Search - Half-Life on DVD

Actors: James Eckhouse, Julia Nickson, Susan Ruttan, Ben Redgrave, Sanoe Lake
Director: Jennifer Phang
Genres: Drama
UR     2009     1hr 46min

Studio: Wolfe Video Release Date: 12/29/2009 Run time: 106 minutes


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Movie Details

Actors: James Eckhouse, Julia Nickson, Susan Ruttan, Ben Redgrave, Sanoe Lake
Director: Jennifer Phang
Genres: Drama
Sub-Genres: Drama
Studio: Wolfe Video
Format: DVD - Color,Widescreen
DVD Release Date: 12/29/2009
Original Release Date: 01/01/2009
Theatrical Release Date: 00/00/2009
Release Year: 2009
Run Time: 1hr 46min
Screens: Color,Widescreen
Number of Discs: 1
SwapaDVD Credits: 1
Total Copies: 0
Members Wishing: 1
MPAA Rating: Unrated
Languages: English

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Movie Reviews

True and trustworthy
kimri | 03/13/2010
(4 out of 5 stars)

"Half-Life was a movie that I found *true* and *trustworthy*.

True -- over and over again, in scene after scene, the actors behave like real people. That maybe sounds obvious, but when I saw Half-Life at a screening at the 92YChelsea in New York, what stuck out to me was how real, how genuine the characters felt, and the movie underlined for me how often characters in movies DON'T seem real and genuine. Scenes are filled with nuance and meaning; as good as the dialog is, the direction is better. Particularly convincing was the relationship of the Korean adoptee and his female best friend: affectionate, spirited, complicated, messy, full of all sorts of things unsaid. I felt it was very easy to identify with the characters and read in their glances the complexities of their lives.

Trustworthy -- so often a film starts out being truthful and real, and subverts it all in favor of an easy resolution, or gets away from the film-maker through sloppiness or compromises. Not so here. Half-Life isn't a perfect film, but it's a film with integrity, one in which it's clear that Jennifer Phang has pushed for keeping her film what she intended. It's a film that doesn't take the easy road out, doesn't go for sensationalism, doesn't go for a conventional ending. Its tone and level of craft are consistent throughout, and I left the movie feeling like the director had respected my intelligence and taste.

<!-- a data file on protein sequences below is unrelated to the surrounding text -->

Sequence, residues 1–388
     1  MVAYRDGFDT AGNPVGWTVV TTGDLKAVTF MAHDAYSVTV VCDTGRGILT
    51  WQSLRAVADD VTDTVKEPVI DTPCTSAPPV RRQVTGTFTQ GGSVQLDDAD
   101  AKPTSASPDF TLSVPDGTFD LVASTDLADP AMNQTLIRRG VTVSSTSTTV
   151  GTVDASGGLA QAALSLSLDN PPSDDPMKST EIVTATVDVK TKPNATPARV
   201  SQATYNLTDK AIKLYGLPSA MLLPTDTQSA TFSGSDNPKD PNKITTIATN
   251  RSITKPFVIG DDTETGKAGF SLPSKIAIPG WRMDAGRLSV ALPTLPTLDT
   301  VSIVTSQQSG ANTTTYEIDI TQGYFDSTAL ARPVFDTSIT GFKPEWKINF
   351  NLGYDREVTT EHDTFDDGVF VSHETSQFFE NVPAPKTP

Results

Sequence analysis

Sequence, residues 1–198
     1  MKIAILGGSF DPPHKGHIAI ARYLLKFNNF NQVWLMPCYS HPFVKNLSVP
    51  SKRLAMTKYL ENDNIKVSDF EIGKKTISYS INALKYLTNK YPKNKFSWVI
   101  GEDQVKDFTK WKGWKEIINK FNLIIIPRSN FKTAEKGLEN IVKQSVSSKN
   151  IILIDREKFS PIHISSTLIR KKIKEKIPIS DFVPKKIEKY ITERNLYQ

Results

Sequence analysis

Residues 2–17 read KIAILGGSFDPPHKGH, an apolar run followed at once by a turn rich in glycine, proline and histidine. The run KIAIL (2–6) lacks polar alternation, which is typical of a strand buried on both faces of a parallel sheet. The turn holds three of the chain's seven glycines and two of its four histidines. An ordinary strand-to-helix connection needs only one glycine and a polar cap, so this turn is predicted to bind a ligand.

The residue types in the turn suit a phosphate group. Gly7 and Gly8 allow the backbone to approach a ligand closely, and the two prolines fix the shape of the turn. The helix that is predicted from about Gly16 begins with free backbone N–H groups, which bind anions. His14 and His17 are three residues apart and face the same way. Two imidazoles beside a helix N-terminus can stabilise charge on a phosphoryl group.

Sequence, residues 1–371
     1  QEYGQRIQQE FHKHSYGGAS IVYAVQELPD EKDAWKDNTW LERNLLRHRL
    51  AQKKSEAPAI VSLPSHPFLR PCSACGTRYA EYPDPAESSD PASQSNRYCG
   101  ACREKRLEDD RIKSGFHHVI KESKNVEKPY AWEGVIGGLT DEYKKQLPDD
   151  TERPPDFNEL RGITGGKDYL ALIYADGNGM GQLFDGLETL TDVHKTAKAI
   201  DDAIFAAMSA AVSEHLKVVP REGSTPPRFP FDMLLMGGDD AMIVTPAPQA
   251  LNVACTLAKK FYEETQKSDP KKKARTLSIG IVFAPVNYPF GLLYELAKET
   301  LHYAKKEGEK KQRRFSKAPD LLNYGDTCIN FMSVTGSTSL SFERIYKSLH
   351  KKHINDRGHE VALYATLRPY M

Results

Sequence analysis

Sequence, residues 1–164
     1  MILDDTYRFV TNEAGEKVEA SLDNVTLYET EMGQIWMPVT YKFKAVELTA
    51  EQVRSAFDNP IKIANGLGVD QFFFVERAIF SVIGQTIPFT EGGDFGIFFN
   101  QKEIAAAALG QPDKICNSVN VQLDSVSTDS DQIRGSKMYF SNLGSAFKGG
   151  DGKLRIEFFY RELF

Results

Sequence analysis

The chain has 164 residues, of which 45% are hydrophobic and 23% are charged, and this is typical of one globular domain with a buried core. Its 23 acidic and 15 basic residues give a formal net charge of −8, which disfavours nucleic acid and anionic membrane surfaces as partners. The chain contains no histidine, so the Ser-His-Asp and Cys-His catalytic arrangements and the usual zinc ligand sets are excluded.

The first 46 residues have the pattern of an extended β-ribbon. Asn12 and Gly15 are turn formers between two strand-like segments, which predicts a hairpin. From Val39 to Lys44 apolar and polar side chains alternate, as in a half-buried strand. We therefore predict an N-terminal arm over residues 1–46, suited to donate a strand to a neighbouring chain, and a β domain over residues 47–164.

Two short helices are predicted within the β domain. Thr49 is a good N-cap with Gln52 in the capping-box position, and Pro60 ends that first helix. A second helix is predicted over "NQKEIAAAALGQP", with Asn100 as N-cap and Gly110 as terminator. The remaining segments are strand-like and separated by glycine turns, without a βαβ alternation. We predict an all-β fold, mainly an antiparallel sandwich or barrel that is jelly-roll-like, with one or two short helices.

A few more notes:
- Alexander Agate as the young boy is ridiculously amazing. His eyes seem to contain every meaning of the universe, visible and hidden. Out of control.

- You could describe this movie as being about, variously: LGBT issues, coming-of-age issues, suburban angst, environmental disaster, the end of the world, experimental animation, Asian-American issues, etc. But watching the film, none of these ideas really dominates -- all are actually fairly subtle, as if every movie incorporated all of these things. It's not an "Asian film" or "LGBT film" or "experimental film" -- Phang is too mature to be so heavy-handed (no sense of "look how Asian we are!" from this film). Ultimately, it's just what it is -- a movie that tells a story (or several stories), and a story that's surprisingly universal given the atypical ingredients used."
Great Indie Film
Danny Kim | Hollywood, CA | 01/25/2010
(5 out of 5 stars)

"There aren't many indie films out there that manage to combine witty dialogue, lush photography, rotoscoped animation, and unconventional characters in the way that this film does. I found myself pleasantly off-balance while watching this film. I'd recommend this film to those who like their characters cut out of a slightly different mold."
Beautiful Film.
J. DiNunzio | Henderson, NV USA | 01/17/2010
(5 out of 5 stars)

""Half-Life," Jennifer Phang's first feature film is an impressive debut. A blend of family drama, magic realism and sexual exploration.
Set in the rolling hills of Northern California suburbia, "Half-Life" centers around the lives of Saura Wu (Julia Nickson), a mother of two struggling to keep herself together, her teenage daughter Pam (Sanoe Lake), her 10 year old son Timothy (Alexander Agate) and her live-in boyfriend of five weeks Wendell (Ben Redgrave).